hostages to culture

oliver downes: david pulbrook’s last dance

Last Dance

Last Dance

LAST DANCE OPENS INNOCUOUSLY WITH MRS LIPPMANN (JULIA BLAKE) GOING ABOUT HER BUSINESS ON THE BUSY COMMERCIAL STRIP OF A SUBURB IN INNER-MELBOURNE. IT’S AN AREA WHICH, JUDGING FROM THE ABUNDANCE OF KIPPAS AND BEARDS (NOT TO MENTION THE ‘KOSHER SUSHI’ SHOP), DRAWS ITS CHARACTER FROM ITS JEWISH INHABITANTS, WHILE THE INDUSTRIOUS WIDOW SEEMS THE SORT OF LADY WHO IS FRIENDLY WITH EVERYONE, THOUGH INTIMATE ONLY WITH HER CAT. THEN THERE’S THE SOUND OF SIRENS, THE BUZZ OF PEOPLE EVAPORATES AND A TROUBLED MRS LIPPMANN IS LEFT TO MAKE HER WAY HOME.

Her puzzlement is soon explained when she returns to her brown-brick flat, where she is accosted by Sadiq (Firass Dirani), a Palestinian Islamic fundamentalist fleeing from the synagogue where a fellow-terrorist has just blown himself up. Bleeding from a shrapnel wound and unsure of what to do next, Sadiq takes Mrs Lippmann hostage, though as he makes clear to her, “killing you means nothing to me—it simply means ridding the world of one more Jew.”

Last Dance should be applauded for directly confronting the ongoing conflict in Israel and disenfranchisement of the Palestinian people, raising questions of moral responsibility within the relatively accessible format of the thriller. Though the initial scenes are painted a touch too heavy-handedly—must every extra be Orthodox?—the Melbourne setting is believable in that the story might play out anywhere in the Judaic diaspora. There are a few surprises: Mrs Lippmann, a Holocaust survivor, though initially repulsed by Sadiq’s hatred and the mindlessness of his indoctrination, is not unready to listen to his story—and when the power dynamic between the pair shifts halfway through the film, her choices are made believable by their shared experience of catastrophic loss.

Without the right performers, director David Pulbrook and co-screenwriter Terence Hammond’s script may well have lost much of its drive. Fortunately, both leads excel here. Dirani, whose roles in TV dramas such as Underbelly and The Straits seem to have prepared him perfectly for the big screen, is superb as the failed suicide bomber, a livewire of impulsive gesture and darkly challenging looks. His brooding energy is magnificently balanced by Blake, the worn planes of her face channelling a seemingly boundless empathy as she is forced to confront her assumptions about Israel and try to reason her way out of a labyrinth of equivocation.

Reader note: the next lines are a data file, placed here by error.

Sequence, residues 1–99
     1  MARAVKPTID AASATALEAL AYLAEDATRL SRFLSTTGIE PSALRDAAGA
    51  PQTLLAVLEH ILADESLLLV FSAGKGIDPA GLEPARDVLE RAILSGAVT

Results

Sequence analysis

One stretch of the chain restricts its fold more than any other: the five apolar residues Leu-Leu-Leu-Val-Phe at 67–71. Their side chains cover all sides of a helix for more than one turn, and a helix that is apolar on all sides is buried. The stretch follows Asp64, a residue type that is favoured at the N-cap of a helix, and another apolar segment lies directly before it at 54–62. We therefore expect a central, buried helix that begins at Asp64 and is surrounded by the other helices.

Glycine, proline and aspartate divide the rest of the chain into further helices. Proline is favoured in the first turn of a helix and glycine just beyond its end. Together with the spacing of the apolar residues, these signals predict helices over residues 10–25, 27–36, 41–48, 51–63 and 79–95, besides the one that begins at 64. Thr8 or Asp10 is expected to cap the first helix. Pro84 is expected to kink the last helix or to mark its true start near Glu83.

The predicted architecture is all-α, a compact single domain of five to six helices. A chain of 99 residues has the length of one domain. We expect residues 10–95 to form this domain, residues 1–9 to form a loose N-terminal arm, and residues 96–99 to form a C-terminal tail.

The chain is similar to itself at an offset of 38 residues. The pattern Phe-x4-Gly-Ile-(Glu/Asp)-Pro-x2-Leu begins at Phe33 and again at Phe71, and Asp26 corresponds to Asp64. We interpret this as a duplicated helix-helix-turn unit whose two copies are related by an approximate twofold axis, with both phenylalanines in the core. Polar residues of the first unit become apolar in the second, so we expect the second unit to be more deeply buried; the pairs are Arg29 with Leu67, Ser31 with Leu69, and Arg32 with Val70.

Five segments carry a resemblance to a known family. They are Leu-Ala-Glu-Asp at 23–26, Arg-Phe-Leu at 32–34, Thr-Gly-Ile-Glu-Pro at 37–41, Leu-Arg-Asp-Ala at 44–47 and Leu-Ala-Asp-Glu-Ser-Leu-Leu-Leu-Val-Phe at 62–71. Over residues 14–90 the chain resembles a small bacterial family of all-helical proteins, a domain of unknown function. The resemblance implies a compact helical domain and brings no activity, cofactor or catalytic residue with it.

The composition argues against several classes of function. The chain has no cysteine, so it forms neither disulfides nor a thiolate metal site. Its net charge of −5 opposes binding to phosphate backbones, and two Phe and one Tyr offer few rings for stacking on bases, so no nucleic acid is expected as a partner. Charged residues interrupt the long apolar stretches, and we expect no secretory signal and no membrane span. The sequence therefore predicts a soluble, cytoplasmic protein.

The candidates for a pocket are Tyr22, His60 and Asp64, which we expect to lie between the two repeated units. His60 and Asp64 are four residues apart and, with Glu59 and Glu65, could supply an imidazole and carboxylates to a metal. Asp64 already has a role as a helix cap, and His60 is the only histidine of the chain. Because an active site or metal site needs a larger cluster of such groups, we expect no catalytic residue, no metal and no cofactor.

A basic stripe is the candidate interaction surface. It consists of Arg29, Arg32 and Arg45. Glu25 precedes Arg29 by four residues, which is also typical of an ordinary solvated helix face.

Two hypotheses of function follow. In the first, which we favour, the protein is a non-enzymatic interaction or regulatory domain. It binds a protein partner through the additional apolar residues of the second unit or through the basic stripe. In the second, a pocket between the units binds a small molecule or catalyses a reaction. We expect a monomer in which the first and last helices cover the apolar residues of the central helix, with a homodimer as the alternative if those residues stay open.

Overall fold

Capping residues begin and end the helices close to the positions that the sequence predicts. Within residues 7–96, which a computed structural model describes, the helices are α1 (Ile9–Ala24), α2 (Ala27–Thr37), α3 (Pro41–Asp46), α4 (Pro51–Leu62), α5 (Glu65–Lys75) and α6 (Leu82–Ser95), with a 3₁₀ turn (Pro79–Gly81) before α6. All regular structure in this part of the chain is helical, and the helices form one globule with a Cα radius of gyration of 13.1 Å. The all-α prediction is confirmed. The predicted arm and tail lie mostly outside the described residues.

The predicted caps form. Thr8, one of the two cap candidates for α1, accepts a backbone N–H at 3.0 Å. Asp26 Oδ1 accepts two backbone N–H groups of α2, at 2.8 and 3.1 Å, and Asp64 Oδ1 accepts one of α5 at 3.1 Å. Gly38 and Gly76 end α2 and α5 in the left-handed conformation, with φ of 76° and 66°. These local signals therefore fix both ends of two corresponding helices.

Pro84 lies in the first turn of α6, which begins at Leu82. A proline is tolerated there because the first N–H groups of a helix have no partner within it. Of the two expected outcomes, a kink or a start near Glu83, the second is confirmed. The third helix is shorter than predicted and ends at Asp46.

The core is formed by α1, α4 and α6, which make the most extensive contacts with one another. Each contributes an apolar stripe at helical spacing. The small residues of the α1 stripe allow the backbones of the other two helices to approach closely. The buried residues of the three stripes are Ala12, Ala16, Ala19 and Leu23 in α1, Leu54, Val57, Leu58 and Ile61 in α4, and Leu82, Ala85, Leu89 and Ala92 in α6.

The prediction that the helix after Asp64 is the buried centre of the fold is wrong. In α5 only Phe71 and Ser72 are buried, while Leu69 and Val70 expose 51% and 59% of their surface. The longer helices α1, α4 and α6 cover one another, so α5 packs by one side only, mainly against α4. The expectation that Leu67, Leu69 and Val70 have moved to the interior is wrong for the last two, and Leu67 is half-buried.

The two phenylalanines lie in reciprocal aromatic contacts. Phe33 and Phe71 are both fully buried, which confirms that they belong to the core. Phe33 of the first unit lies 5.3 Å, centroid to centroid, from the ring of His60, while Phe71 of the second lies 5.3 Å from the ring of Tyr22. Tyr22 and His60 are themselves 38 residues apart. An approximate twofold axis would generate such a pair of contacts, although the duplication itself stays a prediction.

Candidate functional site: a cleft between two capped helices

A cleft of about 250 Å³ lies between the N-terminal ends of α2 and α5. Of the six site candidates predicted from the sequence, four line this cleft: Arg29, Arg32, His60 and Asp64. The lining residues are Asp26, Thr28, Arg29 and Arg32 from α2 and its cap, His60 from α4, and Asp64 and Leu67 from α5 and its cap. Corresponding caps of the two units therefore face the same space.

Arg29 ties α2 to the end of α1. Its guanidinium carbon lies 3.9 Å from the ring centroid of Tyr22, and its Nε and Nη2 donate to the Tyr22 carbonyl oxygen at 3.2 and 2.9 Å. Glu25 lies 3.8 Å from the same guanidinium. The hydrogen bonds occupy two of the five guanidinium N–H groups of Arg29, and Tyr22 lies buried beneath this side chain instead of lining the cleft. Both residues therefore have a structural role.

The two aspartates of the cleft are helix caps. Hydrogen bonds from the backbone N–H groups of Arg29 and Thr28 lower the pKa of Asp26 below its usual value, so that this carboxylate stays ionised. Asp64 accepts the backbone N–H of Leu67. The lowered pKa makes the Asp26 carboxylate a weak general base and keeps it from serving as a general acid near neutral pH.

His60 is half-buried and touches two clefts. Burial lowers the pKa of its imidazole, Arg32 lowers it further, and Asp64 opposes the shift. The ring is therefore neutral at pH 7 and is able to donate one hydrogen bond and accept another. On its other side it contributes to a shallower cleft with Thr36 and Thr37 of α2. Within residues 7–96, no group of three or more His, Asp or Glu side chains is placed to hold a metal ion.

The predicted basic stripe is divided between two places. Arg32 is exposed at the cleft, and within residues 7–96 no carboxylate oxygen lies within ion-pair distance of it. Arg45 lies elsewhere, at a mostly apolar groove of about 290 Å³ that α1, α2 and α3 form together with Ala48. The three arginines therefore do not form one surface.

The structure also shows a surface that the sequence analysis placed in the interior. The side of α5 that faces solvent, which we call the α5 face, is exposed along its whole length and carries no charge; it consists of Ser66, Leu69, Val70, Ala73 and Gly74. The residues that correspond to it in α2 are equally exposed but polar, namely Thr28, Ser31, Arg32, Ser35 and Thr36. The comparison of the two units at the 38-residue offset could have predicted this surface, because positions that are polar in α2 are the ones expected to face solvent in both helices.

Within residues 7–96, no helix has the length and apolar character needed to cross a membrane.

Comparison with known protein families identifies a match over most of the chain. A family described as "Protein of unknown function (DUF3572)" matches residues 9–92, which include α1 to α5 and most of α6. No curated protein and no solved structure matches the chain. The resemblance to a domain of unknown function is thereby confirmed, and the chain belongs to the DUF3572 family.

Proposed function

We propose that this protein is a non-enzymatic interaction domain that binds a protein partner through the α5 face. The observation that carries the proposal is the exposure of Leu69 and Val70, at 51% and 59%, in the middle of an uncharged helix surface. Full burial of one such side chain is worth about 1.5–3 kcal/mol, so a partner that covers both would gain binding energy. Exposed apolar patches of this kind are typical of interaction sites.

The film is smoothly shot, Pulbrook wisely allowing the performers to carry the story, the camera to linger on their faces. His experience as an editor (Ground Zero, The Cup) ensures that the film maintains a look of smooth professionalism. However, although the performances cannot help but shine through, they are not aided by an obtrusive soundtrack and some of the more overwrought contrivances of the script. Indeed, the script may have benefited from being tested on a stage before being adapted to the screen, given the limitations of the setting. As it is, although Last Dance delves into powerfully emotive territory it veers dangerously close to melodrama, particularly in the third act, so the characters never really developing beyond the necessities of the concept.

Last Dance, director David Pulbrook, producer Antony Ginnane, screenplay David Pulbrook and Terence Hammond, director of photography Lee Pulbrook, Ulah Productions, Becker Group release

RealTime issue #111 Oct-Nov 2012 pg. 29

© Oliver Downes; for permission to reproduce apply to realtime@realtimearts.net

9 October 2012
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